Verse > Anthologies > Henry Wadsworth Longfellow, ed. > Poems of Places > Ireland
Henry Wadsworth Longfellow, ed.  Poems of Places: An Anthology in 31 Volumes.
Ireland: Vol. V.  1876–79.
Limavaddy (Newtown-Limavaddy)
Peg of Limavaddy
William Makepeace Thackeray (1811–1863)
RIDING from Coleraine
  (Famed for lovely Kitty),
Came a Cockney bound
  Unto Derry city;
Weary was his soul,        5
  Shivering and sad, he
Bumped along the road
  Leads to Limavaddy.
Mountains stretched around,
  Gloomy was their tinting,        10
And the horse’s hoofs
  Made a dismal clinting;
Wind upon the heath
  Howling was and piping,
On the heath and bog,        15
  Black with many a snipe in.
Mid the bogs of black,
  Silver pools were flashing,
Crows upon their sides
  Picking were and splashing.        20
Cockney on the ear
  Closer folds his plaidy,
Grumbling at the road
  Leads to Limavaddy.
Through the crashing woods        25
  Autumn brawled and blustered,
Tossing round about
  Leaves the hue of mustard;
Yonder lay Lough Foyle,
  Which a storm was whipping,        30
Covering with mist
  Lake and shores and shipping.
Up and down the hill
  (Nothing could be bolder),
Horse went with a raw        35
  Bleeding on his shoulder.
“Where are horses changed?”
  Said I to the laddy
Driving on the box:
  “Sir, at Limavaddy.”        40
Limavaddy inn ’s
  But a humble bait-house,
Where you may procure
  Whiskey and potatoes;
Landlord at the door        45
  Gives a smiling welcome
To the shivering wights
  Who to his hotel come.
Landlady within
  Sits and knits a stocking,        50
With a wary foot
  Baby’s cradle rocking.
To the chimney nook
  Having found admittance,
There I watch a pup        55
  Playing with two kittens,
(Playing round the fire,
  Which of blazing turf is,
Roaring to the pot
  Which bubbles with the murphies).        60
And the cradled babe
  Fond the mother nursed it,
Singing it a song
  As she twists the worsted!
Up and down the stair        65
  Two more young ones patter
(Twins were never seen
  Dirtier nor fatter).
Both have mottled legs,
  Both have snubby noses,        70
Both have— Here the host
  Kindly interposes:
“Sure you must be froze
  With the sleet and hail, sir:
So will you have some punch,        75
  Or will you have some ale, sir?”
Presently a maid
  Enters with the liquor
(Half a pint of ale
  Frothing in a beaker).        80
Gads! I did n’t know
  What my beating heart meant:
Hebe’s self I thought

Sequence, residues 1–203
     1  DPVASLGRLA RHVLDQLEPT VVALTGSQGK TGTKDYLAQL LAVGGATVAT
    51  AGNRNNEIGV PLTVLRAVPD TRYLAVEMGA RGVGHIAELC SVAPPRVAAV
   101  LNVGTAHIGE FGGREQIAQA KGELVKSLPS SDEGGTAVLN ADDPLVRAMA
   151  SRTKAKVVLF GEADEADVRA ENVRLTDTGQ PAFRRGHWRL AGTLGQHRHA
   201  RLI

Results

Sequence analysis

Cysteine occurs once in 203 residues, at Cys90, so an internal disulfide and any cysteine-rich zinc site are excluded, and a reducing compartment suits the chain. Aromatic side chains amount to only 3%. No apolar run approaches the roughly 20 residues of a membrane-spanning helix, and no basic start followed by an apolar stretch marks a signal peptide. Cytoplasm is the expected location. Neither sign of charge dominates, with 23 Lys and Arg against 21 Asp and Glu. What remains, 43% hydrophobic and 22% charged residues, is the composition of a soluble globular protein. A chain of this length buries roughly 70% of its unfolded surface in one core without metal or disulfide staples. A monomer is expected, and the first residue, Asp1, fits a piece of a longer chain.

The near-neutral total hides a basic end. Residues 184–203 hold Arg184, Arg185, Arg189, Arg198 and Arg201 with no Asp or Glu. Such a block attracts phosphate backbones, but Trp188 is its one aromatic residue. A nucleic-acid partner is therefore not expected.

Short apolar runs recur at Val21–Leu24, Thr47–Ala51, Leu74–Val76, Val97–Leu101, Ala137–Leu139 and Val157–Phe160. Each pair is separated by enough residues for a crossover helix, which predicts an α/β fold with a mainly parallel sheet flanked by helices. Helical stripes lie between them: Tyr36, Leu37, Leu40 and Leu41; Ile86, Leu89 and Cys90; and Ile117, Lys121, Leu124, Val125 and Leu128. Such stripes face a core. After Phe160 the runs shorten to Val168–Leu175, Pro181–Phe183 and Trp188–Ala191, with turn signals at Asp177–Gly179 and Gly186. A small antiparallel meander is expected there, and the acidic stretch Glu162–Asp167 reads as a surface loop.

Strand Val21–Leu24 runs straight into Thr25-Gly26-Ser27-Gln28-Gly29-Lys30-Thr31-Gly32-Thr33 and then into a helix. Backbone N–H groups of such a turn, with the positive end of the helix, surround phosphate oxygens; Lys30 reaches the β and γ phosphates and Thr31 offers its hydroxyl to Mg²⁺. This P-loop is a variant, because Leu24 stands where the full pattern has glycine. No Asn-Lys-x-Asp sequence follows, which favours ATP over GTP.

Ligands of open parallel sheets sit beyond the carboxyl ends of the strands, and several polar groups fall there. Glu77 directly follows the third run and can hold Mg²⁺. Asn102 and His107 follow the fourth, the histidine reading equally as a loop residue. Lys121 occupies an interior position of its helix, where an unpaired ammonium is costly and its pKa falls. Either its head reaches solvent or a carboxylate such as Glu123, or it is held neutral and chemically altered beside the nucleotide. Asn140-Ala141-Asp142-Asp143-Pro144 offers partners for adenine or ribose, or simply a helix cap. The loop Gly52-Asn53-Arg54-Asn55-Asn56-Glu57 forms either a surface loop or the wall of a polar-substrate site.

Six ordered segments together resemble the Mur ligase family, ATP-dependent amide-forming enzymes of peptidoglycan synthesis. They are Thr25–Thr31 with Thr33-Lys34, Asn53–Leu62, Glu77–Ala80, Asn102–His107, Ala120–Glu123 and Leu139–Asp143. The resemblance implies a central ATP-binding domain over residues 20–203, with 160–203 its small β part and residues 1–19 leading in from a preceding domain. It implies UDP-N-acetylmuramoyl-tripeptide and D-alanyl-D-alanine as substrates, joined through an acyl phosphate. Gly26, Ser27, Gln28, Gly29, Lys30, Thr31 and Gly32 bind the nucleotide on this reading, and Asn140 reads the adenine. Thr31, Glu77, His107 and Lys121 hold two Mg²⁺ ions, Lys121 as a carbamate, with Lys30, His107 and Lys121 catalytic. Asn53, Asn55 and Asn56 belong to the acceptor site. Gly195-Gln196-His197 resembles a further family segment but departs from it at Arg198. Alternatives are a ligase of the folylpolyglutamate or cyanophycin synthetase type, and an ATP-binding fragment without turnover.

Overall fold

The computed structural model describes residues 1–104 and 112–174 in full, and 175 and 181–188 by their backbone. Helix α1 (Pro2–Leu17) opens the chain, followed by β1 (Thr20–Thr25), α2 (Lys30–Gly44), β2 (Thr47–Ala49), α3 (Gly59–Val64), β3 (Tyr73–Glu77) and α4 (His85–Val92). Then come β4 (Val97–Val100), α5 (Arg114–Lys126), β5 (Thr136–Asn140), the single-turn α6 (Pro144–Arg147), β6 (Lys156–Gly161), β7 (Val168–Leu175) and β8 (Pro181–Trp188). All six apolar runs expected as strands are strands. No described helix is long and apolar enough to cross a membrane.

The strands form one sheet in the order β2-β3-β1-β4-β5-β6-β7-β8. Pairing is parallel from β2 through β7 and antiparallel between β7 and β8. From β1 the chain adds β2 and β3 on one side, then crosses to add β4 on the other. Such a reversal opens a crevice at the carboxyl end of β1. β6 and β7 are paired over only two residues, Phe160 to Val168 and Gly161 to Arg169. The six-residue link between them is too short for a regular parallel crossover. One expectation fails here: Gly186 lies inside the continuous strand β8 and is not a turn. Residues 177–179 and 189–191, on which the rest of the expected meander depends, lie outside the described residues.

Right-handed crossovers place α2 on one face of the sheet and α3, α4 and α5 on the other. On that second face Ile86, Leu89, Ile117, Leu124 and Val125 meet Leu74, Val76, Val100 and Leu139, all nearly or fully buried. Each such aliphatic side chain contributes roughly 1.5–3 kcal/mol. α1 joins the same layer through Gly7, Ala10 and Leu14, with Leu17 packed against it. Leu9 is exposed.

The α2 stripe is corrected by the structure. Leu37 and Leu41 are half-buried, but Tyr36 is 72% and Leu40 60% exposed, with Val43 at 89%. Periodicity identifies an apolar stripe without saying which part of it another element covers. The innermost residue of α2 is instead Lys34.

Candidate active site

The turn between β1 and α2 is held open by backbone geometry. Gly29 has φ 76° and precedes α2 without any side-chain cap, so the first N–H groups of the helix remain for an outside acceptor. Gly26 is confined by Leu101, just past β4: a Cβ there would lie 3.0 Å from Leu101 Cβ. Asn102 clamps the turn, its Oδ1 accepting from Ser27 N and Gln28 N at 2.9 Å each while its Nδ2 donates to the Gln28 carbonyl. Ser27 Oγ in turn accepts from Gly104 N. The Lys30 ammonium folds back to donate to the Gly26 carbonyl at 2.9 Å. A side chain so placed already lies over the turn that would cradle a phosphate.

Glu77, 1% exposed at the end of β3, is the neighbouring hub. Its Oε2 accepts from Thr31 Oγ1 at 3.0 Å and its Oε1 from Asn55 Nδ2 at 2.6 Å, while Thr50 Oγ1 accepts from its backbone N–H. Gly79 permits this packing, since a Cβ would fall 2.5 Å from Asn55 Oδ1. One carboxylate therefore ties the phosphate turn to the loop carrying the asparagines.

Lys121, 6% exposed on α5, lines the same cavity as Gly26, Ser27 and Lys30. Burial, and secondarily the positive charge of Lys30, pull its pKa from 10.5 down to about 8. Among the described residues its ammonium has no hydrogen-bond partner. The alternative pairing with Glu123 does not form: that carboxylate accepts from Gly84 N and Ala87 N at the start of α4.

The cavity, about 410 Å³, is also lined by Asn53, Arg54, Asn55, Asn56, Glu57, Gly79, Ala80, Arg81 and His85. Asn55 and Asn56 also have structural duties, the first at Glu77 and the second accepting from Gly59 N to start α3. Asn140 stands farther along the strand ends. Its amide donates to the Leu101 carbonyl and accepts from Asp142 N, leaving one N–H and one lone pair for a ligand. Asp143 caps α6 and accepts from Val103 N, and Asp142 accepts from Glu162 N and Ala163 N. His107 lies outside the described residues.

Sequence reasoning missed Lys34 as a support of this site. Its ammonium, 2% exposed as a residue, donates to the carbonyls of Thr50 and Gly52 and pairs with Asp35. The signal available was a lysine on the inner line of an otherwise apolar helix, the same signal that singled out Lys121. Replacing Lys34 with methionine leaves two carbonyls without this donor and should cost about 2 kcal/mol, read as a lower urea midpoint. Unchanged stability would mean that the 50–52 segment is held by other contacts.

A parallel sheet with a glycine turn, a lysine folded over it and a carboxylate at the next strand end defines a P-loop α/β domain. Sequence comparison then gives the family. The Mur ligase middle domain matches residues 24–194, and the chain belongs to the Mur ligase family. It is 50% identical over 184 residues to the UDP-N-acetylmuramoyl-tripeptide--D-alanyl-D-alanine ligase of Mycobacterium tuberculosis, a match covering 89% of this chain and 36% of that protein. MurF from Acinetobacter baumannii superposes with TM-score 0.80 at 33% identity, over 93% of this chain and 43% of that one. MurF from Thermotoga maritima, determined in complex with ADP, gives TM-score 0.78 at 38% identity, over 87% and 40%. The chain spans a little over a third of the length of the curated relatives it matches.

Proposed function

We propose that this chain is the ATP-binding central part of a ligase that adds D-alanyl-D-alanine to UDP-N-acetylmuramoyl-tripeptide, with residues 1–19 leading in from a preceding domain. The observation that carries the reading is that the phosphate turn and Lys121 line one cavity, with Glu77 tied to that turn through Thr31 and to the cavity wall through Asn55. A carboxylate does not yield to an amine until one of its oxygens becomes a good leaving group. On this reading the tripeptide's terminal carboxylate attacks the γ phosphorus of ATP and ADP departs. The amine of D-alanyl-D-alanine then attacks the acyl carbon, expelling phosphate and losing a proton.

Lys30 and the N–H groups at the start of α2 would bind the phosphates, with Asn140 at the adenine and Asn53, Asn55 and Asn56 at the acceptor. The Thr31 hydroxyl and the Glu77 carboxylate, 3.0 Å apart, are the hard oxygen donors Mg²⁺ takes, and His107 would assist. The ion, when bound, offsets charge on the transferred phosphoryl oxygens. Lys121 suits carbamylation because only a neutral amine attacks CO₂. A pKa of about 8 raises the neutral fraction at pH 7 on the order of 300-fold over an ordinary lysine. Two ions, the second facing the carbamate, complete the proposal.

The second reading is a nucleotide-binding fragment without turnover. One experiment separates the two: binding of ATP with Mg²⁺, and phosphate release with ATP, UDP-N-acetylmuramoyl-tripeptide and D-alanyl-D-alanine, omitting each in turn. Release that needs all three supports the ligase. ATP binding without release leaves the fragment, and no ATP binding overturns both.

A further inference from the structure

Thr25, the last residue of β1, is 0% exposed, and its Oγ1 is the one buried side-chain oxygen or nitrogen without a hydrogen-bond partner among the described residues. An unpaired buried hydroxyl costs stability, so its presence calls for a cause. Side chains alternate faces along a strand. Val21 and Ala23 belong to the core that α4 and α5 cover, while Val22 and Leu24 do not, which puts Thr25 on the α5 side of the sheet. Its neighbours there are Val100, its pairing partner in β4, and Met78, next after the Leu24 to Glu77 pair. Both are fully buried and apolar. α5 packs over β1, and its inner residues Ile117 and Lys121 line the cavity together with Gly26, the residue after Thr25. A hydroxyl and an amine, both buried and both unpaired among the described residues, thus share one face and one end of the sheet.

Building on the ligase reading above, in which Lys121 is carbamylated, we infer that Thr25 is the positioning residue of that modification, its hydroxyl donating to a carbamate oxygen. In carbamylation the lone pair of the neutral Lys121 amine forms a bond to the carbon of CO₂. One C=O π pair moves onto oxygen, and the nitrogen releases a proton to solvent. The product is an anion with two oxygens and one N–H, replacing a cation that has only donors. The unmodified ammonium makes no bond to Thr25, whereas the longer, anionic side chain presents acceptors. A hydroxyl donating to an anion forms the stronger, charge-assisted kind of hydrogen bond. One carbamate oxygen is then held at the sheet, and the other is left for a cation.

Entered the apartment.
As she came she smiled,        85
  And the smile bewitching,
On my word and honor,
  Lighted all the kitchen!
With a courtesy neat
  Greeting the new-comer,        90
Lovely, smiling Peg
  Offers me the rummer;
But my trembling hand
  Up the beaker tilted,
And the glass of ale        95
  Every drop I spilt it:
Spilt it every drop
  (Dames, who read my volumes,
Pardon such a word)
  On my what-d’-ye-call-’ems!        100
Witnessing the sight
  Of that dire disaster,
Out began to laugh
  Missis, maid, and master;
Such a merry peal        105
  ’Specially Miss Peg’s was,
(As the glass of ale
  Trickling down my legs was,)
That the joyful sound
  Of that mingling laughter        110
Echoed in my ears
  Many a long day after.
Such a silver peal!
  In the meadows listening,
You who ’ve heard the bells        115
  Ringing to a christening;
You who ever heard
  Caradori pretty,
Smiling like an angel,
  Singing “Giovinetti”;        120
Fancy Peggy’s laugh,
  Sweet and clear and cheerful,
At my pantaloons
  With half a pint of beer full!
When the laugh was done,        125
  Peg, the pretty hussy,
Moved about the room
  Wonderfully busy;
Now she looks to see
  If the kettle keep hot;        130
Now she rubs the spoons,
  Now she cleans the teapot;
Now she sets the cups
  Trimly and secure:
Now she scours a pot,        135
  And so it was I drew her.
Thus it was I drew her
  Scouring of a kettle,
(Faith! her blushing cheeks
  Reddened on the metal!)        140
Ah! but ’t is in vain
  That I try to sketch it;
The pot perhaps is like,
  But Peggy’s face is wretched.
No! the best of lead        145
  And of Indian-rubber
Never could depict
  That sweet kettle-scrubber!
See her as she moves!
  Scarce the ground she touches,        150
Airy as a fay,
  Graceful as a duchess;
Bare her rounded arm,
  Bare her little leg is,
Vestris never showed        155
  Ankles like to Peggy’s.
Braided is her hair,
  Soft her look and modest,
Slim her little waist
  Comfortably bodiced.        160
This I do declare,
  Happy is the laddy
Who the heart can share
  Of Peg of Limavaddy.
Married if she were,        165
  Blest would be the daddy
Of the children fair
  Of Peg of Limavaddy.
Beauty is not rare
  In the land of Paddy,        170
Fair beyond compare
  Is Peg of Limavaddy.
Citizen or Squire,
  Tory, Whig, or Radi-
cal would all desire        175
  Peg of Limavaddy.
Had I Homer’s fire,
  Or that of Sergeant Taddy,
Meetly I ’d admire
  Peg of Limavaddy.        180
And till I expire,
  Or till I grow mad, I
Will sing unto my lyre
  Peg of Limavaddy!

Shakespeare · Bible · Strunk · Anatomy · Nonfiction · Quotations · Reference · Fiction · Poetry
© 1993–2015 · [Top 150] · Subjects · Titles · Authors · World Lit.